radicle


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Related to radicle: seed coat

rad·i·cle

(rad'i-kĕl), Do not confuse this word with radical.
A rootlet or structure resembling one, as the radicle of a vein, a minute veinlet joining with others to form a vein, or the radicle of a nerve, a nerve fiber that joins others to form a nerve; the smallest branches of a vessel or nerve.
[L. radicula, dim. of radix, root]

radicle

/rad·i·cle/ (rad´ĭ-k'l) ramulus; one of the smallest branches of a vessel or nerve.

radicle

(răd′ĭ-kəl)
n.
1. Botany The part of a plant embryo that develops into a root.
2. Anatomy A small structure, such as a fibril of a nerve, that resembles a root.

rad·i·cle

(rad'i-kĕl)
A rootlet or a structure resembling one, as the radicle of a vein, a minute veinlet joining with others to form a vein, or the radicle of a nerve; a nerve fiber that joins others to form a nerve.
[L. radicula, dim. of radix, root]

radicle

Any small structure resembling a root. From the Latin radicula, diminutive of radix, a root.

radicle

the basal part of the embryo in a seed, developing into the primary root of the seedling.

rad·i·cle

(rad'i-kĕl)
A rootlet or structure resembling one, as the radicle of a vein or the radicle of a nerve, i.e, a nerve fiber that joins others to form a nerve; the smallest branches of a vessel or nerve.
[L. radicula, dim. of radix, root]

radicle

one of the smaller branches of a vessel or nerve.
References in periodicals archive ?
Radicle emission was observed since 72 h and considering the 120-hour period, all the replications presented at least one germinated seed when the experiment was ended.
Efficacy of germination was measured in terms of weight gain, radicle size and percent germination.
This reduction is due to the osmotic potential that inhibits the absorption of water and intake of nutrients by radicle [29].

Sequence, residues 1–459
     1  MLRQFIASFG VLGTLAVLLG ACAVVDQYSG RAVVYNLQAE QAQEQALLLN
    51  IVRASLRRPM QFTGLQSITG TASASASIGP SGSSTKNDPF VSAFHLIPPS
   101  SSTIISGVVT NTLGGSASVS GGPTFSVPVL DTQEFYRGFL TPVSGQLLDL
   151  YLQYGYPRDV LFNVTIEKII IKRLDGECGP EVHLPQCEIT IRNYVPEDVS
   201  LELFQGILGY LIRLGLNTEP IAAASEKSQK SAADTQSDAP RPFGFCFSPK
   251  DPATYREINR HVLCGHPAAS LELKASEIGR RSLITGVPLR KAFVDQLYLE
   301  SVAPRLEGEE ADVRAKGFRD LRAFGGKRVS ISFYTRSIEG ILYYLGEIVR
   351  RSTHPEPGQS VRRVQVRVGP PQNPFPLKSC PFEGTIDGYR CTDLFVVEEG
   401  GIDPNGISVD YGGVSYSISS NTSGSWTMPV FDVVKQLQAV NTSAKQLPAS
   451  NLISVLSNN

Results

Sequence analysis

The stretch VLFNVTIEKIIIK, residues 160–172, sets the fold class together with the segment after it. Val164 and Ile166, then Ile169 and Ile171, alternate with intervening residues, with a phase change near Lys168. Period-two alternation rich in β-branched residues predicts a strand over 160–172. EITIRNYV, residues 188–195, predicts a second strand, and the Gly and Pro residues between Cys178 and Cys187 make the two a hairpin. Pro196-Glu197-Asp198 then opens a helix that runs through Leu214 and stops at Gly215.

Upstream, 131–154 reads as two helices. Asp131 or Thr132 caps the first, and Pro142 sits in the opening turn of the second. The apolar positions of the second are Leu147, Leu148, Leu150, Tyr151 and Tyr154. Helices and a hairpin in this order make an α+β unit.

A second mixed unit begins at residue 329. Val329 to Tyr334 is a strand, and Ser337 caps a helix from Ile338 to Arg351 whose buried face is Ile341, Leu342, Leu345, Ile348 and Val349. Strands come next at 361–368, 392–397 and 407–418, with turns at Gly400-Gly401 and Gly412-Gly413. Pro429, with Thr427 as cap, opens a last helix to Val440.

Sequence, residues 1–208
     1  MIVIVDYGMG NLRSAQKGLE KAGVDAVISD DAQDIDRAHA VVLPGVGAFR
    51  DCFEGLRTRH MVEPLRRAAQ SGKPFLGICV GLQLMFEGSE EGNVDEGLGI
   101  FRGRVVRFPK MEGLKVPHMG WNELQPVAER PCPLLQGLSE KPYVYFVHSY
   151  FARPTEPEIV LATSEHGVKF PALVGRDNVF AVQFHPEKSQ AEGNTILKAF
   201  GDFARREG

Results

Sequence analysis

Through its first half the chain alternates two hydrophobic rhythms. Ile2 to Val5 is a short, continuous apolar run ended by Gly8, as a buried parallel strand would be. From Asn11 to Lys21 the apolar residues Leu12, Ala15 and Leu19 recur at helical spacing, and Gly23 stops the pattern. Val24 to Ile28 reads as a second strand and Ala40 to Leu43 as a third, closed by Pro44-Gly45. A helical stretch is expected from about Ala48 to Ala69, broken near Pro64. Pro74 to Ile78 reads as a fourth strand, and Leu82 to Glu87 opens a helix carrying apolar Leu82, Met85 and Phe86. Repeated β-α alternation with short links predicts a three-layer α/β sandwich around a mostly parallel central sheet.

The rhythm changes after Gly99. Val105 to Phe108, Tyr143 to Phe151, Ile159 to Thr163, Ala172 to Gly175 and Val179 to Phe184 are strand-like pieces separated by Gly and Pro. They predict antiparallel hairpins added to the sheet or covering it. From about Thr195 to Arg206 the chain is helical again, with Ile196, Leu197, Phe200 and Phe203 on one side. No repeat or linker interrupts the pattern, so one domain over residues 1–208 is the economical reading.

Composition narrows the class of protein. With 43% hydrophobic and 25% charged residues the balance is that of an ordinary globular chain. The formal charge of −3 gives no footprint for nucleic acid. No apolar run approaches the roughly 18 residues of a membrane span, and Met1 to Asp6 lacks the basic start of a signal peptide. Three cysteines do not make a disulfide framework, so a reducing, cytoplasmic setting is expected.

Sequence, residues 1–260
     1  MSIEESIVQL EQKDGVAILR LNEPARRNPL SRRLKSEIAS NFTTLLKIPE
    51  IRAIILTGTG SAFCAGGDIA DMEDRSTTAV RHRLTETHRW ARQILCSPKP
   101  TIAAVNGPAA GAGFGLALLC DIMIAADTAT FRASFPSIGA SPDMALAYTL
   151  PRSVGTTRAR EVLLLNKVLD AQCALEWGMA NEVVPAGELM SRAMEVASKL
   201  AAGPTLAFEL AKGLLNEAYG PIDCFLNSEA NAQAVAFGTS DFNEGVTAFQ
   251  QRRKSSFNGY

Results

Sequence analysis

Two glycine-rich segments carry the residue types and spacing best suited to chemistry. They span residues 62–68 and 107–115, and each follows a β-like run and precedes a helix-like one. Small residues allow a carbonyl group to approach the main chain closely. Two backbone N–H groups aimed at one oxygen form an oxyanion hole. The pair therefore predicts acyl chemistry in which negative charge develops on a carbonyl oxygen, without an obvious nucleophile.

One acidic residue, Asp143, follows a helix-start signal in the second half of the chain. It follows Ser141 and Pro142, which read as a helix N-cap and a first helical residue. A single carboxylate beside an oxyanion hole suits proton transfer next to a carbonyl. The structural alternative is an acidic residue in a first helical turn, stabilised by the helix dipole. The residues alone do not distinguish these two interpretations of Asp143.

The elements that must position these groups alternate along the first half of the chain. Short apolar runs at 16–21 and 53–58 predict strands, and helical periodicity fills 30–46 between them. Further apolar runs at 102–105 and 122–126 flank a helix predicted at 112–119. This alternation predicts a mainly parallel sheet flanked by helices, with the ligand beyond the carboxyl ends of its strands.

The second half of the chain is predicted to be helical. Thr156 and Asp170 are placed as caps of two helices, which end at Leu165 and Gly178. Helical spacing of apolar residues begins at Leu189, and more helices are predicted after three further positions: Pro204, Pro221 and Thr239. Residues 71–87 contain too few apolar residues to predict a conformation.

Germinated seeds were counted daily by radicle protrusion till the number of germinated seedlings remained constant.
Previous studies indicated positive influences of hydro-priming on radicle length [18].
Models for the responses of seed germination One seed is considered germinated just after radicle protrusion indicating the presence of a normal seedling capable of developing a normal plant under field conditions.
Seeds were dissected under a stereomicroscope and the degree of the development of each embryo was assessed visually using a six-point scale (1--embryo length less than 1/4 of the seed length, embryo is heart-shaped; 2--embryo length ca 1/4 of the seed length, cotyledons and radicle of equal length; 3--embryo length ca 1/3 of the seed length, pronounced cotyledons and radicle; 4--embryo length ca 1/2 of the seed length, radicle twice as long as the cotyledons, cotyledons leafy; 5--embryo length 2/3 of the seed length; 6--embryo length nearly equal to the seed length).
Underdeveloped, linear embryos, which must elongate to a critical length before radicle emergence are a common feature of Amaryllidaceae species (Baskin and Baskin, 1998).
A radicle invasion by a red reed overgrew and ate up a hotrod road so disliked by a certain fish that was recently the Prime Minister of Australia.
The effect of shell bio-oil on germination and radicle growth of seeds depended on pyrolysis temperature, fraction, and dilution rate.